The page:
Mars might be getting all the attention lately, but deeper in the solar system, there are unsolved mysteries on planets that even spacecraft have only ever seen on a flyby. Uranus (above) and Neptune (below) are just waiting to reveal things we can only imagine.
The last time a Neptune flyby happened was 1982 when Voyager 2 whizzed by the frozen giant, and a Uranus flyby followed in 1986. It isn’t that NASA or scientists in general don’t believe these planets have any importance. There are just greater priorities (Mars) to tackle right now. As NASA tries to get boots back on the Moon for the first time since the Apollo era and watches Perseverence search for signs of life or past life on Mars, Italian scientist Stefano Baroni and his team have been trying to find out what Uranus and Neptune might be hiding. Water could be one of those things — just not as we know it.
“Hydrogen and oxygen are two of the three most abundant elements in the universe, helium being the second,” Baroni said in a study he co-authored, which was recently publishe din Nature Communications. “As a consequence, H2O is thought to be a major constituent of celestial bodies formed far enough from their host star for it to condense.”
He and his team recently developed a simulation tool that can be used to analyze physical conditions and processes that would otherwise be impossible to reproduce in a lab. This is the case with the weird phenomena on both Uranus and Neptune. Simulations using this tool have helped the scientists figure out water’s thermal and electrical conduction power in its different phases, at least theoretically, and (also theoretically) examine the composition of Uranus and Neptune on an atomic level to possibly find out how these planets formed and evolved throughout billions of years.
The problem with investigating Uranus and Neptune is that not much is known about their insides. After running computer simulations, Baroni and his team believe that because of the abundance of the ingredients for water in the universe, it could exist on either or both of these planets in liquid, solid or superionic form. They were able to simulate what would happen to water exposed to conditions on either planet. These simulations revealed that extreme pressure and temperatures deep inside these planets would cause H2O to transition to its superionic state. Water enters this state when its molecules break apart, with oxygen ions (atoms which have either gained or lost electrons) crystallizing into a cubic lattice which hydrogen atoms freely float around in.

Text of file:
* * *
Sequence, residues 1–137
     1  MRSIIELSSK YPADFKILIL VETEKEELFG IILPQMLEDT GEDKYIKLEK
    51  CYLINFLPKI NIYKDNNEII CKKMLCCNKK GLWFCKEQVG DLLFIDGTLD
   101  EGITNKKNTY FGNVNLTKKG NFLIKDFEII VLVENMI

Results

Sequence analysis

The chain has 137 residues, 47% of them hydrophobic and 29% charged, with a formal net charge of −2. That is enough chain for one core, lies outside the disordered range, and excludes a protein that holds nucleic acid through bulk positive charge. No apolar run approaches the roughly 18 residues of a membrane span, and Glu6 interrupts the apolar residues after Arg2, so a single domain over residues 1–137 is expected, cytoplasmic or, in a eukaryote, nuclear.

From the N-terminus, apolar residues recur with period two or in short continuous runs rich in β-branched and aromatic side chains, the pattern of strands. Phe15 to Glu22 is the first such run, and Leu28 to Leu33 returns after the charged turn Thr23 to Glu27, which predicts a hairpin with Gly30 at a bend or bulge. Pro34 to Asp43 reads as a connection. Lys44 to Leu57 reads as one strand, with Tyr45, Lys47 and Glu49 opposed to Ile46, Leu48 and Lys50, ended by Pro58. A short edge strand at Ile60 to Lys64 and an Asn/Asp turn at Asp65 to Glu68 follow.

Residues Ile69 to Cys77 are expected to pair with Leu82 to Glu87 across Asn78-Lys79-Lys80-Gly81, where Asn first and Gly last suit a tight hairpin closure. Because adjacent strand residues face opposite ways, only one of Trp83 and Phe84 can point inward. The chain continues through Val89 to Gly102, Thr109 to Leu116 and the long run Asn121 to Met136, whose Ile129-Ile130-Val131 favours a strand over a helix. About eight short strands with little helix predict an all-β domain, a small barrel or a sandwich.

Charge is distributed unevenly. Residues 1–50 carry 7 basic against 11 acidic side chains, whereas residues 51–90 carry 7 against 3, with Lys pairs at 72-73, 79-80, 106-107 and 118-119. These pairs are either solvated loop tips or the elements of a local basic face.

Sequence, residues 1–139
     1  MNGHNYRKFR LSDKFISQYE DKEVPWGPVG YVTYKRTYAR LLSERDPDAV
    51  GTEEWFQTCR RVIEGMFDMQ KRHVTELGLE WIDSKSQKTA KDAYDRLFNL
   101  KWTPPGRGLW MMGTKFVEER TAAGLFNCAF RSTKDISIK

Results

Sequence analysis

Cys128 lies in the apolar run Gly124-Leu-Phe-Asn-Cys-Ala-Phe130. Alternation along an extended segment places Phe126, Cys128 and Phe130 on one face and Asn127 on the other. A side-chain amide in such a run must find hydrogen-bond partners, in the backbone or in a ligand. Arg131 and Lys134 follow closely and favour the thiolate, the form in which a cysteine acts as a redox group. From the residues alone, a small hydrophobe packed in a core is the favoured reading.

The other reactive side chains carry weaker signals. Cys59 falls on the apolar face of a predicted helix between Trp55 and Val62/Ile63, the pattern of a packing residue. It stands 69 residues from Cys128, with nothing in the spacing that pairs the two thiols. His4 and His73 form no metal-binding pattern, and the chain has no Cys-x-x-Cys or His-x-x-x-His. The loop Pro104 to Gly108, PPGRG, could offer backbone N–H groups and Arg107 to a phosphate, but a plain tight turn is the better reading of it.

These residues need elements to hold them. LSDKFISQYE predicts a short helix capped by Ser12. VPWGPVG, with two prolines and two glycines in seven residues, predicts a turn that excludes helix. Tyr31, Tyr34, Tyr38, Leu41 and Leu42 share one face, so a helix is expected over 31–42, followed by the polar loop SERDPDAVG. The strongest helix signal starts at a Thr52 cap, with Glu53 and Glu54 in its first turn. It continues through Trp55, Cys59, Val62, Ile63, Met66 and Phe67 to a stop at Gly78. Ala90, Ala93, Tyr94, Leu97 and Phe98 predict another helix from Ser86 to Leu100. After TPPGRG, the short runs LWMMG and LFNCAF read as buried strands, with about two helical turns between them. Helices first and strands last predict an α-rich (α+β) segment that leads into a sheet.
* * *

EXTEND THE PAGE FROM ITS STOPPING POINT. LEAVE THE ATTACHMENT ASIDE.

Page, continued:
“Computer simulations may be our only handle on the properties of matter at physical conditions that cannot be achieved in the laboratory. In the case of water, they have allowed us to discover new phases5 and to predict their properties at extreme conditions,” said Baroni.
Water ice subjected to the conditions on these planets could also be superionic. This is not the stuff in your freezer. Superionic ice (Ice XVIII) is scorching, black and also extremely dense at four times the density of water. Scientists previously theorized that more water in the solar system exists as superionic ice than any other form it can take. Some believe it is even a new state of matter. Baroni’s simulations have already suggested that the conditions within Neptune and Uranus are ideal for water to morph into superionic ice, and that superionic water is possibly far more capable of conducting electricity beneath the magnetic fields of both planets, where it is thought to be found.
Uranus may appear like a glowing bluish orb, but it actually has low luminosity because of its innards. Dissecting Uranus would probably reveal mysterious thermal boundary layers, whose thickness depends on heat flow, and different phases of water are thought to occur in the interior. There are also bizarre electrical currrents at the bottom of its magnetic field. Similar phenomena have been found in Neptune. Further study could demystify the ice giants’ magnetic fields, which in turn may reveal even more about what goes on beneath the surface.
Mars and the Moon might be #trending right now, but a mission to at least one of these planets could beam back things that are downright mind-blowing.